NextGen Views & Voices

By Jonathan Luong

Editor’s note: The Voice periodically features guest columns by local residents who are just beginning their college careers. They’ll be sharing what their paths in higher education look and feel like, and what they’re learning, planning for and dreaming about during this very important time. If you’re an SHA resident and want to contribute to The Voice, contact Editor Nancy Gardner.

Jonathan Luong, a former intern for The Voice, is working toward a bachelor's degree in public health at the University of Washington.

Jonathan Luong, a former intern for The Voice, is working toward a bachelor’s degree in public health at the University of Washington.

As a high school senior applying to college, there was one thing that I was certain of—I had to go to college somewhere other than here.

For 18 years, I had been absolutely blessed to live in the Pacific Northwest. But as I looked ahead to the next chapter of my life, I was determined to seek out some new scenery from which new opportunities would hopefully come.

Unfortunately, as acceptance letters came in and financial aid award letters did not, I found myself facing the reality that I had been trying to avoid.

Throughout my senior year, I had been dreaming of attending school in sunny Los Angeles and becoming a student in the University of Southern California’s prestigious physical therapy program. Instead, I was going to the University of Washington (UW). The safe choice; the boring choice.

But after my first two quarters spent at the UW, I realized why this mindset was flawed. To think of the UW as a ‘boring choice’ was to fail to understand why so many people have chosen it. There are so many different opportunities to advance ourselves professionally and become engaged in the community!

In fall quarter alone, I became involved with the Husky Running Club, the Vietnamese Student Association, and the Center for Obesity Research. Through each of these activities, I have been able to meet students and faculty that share personal interests with me, creating small communities for me to be a part of−something that is especially crucial at a large school like the UW.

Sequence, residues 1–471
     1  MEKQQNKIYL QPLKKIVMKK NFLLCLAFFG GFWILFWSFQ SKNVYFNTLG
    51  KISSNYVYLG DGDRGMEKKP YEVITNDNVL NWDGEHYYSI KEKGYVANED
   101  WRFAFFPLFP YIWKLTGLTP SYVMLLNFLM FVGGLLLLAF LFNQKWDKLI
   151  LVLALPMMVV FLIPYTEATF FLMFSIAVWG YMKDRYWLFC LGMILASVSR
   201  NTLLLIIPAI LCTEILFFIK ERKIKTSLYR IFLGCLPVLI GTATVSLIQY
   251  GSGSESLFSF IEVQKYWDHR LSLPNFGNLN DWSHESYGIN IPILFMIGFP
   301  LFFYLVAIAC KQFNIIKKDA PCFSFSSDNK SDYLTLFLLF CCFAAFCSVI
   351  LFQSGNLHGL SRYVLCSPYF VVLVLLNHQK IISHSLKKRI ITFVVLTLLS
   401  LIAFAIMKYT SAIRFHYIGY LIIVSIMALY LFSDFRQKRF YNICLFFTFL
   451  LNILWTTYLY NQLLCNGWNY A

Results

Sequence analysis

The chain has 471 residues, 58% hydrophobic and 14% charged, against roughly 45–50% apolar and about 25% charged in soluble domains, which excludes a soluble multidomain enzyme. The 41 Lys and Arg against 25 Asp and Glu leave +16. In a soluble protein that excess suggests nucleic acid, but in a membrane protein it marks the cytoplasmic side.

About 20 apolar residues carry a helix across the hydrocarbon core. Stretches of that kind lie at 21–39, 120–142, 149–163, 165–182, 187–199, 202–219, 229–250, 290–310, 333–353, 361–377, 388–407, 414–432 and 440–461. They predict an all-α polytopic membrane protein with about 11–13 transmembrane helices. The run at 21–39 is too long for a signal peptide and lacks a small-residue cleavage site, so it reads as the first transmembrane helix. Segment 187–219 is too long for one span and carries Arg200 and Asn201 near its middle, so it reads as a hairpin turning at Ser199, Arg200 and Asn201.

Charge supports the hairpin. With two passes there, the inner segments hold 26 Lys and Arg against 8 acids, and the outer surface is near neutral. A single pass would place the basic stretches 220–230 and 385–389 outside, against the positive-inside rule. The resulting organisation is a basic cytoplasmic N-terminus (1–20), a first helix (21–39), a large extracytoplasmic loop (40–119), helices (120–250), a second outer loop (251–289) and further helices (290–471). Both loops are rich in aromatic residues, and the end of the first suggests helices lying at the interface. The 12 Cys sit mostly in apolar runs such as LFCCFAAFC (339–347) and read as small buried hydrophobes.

Even with my first two quarters of college finished, I am sometimes overcome with the sense that there is still so much novelty surrounding my life. Living on my own, making new friends, and the extraordinary amount of independence that I now have is something that I am still grappling with.
The goals that I created for myself this quarter are very much reflective of how I felt that college was going to be like in the beginning of the year, fast paced, no second-guessing, and very little time to dwell on problems, because there would always be others on the horizon.

During my time in college so far, I have certainly experienced these feelings to a certain extent. However, I now understand the importance of not feeling so pressured to constantly be looking towards the next thing. Taking time to self-reflect and relax is so essential for one’s mental and physical health, especially considering the stresses that college can bring.

When I was a high school senior, I thought college would keep me forever chained down. But my first two quarters at the university have revealed that this simply wasn’t true.

To begin with, I believe our true learning experiences in life are not purely limited to college, although college does provide one with some unique opportunities. As college students, we shouldn’t attempt to merely graduate, but rather let our interests guide us to the next place in our studies and possibly, our careers.

Secondly, I finally realized how truly lucky I am to live in Seattle! Befriending students from outside the area has made me realize what I had been taking for granted my whole life−the rich culture and communities that I have yet to explore right in the Puget Sound.

I am fortunate to have so many connections here that I can still be part of, from being a leader for my Vietnamese Boy Scout Group to helping write articles like this one, for The Voice. These responsibilities have taught me leadership, initiative and resourcefulness, all of which have come in handy in college. I’ve learned that our experiences help build upon one another and shape who we become. We should savor and value every one of them, each chance we get.

Looking toward the future, I plan to continue my studies as a public health major as I work towards my dream of becoming a Doctor of Physical Therapy.

And I have one more goal: I hope to be a reporter for the UW Daily come spring quarter−a step up for this former intern for The Voice.

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